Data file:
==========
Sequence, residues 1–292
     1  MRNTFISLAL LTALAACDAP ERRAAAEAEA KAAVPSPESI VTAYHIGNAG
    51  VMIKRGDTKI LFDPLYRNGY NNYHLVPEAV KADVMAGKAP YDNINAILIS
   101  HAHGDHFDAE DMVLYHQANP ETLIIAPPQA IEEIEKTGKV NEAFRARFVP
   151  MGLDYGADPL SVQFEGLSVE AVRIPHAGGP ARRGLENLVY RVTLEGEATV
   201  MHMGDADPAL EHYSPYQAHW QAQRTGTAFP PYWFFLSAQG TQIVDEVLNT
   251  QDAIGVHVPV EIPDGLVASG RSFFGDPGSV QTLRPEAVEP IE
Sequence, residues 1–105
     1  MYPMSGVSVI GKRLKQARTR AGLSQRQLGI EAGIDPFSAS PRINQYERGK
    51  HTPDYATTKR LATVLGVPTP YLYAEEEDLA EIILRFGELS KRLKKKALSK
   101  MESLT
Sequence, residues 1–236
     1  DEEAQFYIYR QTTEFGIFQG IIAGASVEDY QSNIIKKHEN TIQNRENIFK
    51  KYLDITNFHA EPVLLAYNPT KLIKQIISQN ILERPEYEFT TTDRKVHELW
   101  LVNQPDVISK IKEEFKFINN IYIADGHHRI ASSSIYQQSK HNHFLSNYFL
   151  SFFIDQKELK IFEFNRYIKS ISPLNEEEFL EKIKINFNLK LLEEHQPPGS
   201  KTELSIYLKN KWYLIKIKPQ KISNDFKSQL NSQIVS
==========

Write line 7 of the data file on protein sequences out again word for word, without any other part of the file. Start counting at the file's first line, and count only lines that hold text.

   251  QDAIGVHVPV EIPDGLVASG RSFFGDPGSV QTLRPEAVEP IE